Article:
Reviews: Variety, 1 October 1915. A Universal (Broadway Feature) four-reeler, founded on the historical Sepoy uprising in 1857, when "the day was saved" by the timely arrival of the famous Scotch regiment. The scenario is by Grace Cunard and was produced by Francis Ford, who also have the leading roles. The love story is subordinated to the numerous sanguinary conflicts between the English army and the Sepoys, which create furious action almost from the start. These battles permit the photographing of vast exteriors with remarkably effective perspectives and nothing could possibly be more thrilling than the bareback riding of the natives. Trained acrobats have undoubtedly been employed for dangerous falls from horses while going at full speed. The English, while defending a garrison, are artistically made up to depict the horrors which they are undergoing in defense of their womenfolk. Ford plays the sinister, treacherous, murderous Nana Sahib in a manner to make one's blood run cold and Miss Cunard handles effectively the sweet Scotch lassie who undergoes untold tortures in anticipation of being consigned to the harem of the unconscionable villain. Hundreds of people are employed to portray the English soldiers and natives, and all of them are well drilled to create violent conflict. "The Campbells Are Coming" is a corking picture.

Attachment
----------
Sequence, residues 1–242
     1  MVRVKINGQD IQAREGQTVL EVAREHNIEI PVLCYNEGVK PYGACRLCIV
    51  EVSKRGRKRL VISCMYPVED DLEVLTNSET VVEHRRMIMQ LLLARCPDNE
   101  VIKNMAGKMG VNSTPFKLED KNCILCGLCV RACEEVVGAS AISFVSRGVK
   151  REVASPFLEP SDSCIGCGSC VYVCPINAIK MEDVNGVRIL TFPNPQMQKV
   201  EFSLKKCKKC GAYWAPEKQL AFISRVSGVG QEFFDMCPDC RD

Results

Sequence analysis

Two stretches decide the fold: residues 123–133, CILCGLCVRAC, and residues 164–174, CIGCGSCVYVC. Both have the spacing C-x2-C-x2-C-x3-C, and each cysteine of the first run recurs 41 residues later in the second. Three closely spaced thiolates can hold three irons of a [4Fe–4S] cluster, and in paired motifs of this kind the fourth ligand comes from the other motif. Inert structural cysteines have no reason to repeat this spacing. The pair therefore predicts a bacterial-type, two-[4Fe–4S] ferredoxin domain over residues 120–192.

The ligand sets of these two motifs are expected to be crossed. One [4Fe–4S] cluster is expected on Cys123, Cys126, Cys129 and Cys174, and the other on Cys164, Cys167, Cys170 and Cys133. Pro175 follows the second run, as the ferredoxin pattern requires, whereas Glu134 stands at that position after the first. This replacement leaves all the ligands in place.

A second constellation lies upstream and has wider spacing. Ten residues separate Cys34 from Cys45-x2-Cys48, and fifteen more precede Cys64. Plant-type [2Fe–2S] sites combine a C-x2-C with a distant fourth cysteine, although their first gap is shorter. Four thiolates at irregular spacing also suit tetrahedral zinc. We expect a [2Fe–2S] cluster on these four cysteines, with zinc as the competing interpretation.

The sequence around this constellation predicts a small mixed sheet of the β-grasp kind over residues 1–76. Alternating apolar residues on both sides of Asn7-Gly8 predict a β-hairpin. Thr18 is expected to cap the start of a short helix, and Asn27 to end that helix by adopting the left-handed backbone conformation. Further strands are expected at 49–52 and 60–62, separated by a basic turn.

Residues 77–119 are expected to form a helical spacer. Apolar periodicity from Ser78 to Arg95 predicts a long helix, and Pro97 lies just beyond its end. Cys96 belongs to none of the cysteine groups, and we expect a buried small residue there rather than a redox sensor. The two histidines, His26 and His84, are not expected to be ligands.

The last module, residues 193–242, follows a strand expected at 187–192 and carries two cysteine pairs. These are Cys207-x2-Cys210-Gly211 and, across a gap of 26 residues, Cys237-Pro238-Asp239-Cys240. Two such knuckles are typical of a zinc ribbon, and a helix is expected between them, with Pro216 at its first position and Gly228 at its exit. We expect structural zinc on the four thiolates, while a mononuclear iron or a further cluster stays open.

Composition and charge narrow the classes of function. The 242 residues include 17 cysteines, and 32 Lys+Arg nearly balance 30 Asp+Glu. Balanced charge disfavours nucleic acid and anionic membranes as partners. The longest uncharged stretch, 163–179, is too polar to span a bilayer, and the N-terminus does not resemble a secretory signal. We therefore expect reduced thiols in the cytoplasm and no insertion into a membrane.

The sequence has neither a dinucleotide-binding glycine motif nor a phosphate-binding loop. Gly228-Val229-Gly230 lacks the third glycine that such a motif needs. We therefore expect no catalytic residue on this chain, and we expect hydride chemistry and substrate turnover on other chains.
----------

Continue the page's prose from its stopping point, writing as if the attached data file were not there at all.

The survival status of this silent historical/drama is listed as unknown, sadly suggesting it may now be a lost silent film. Hopefully a copy survives and resurfaces for public viewing.
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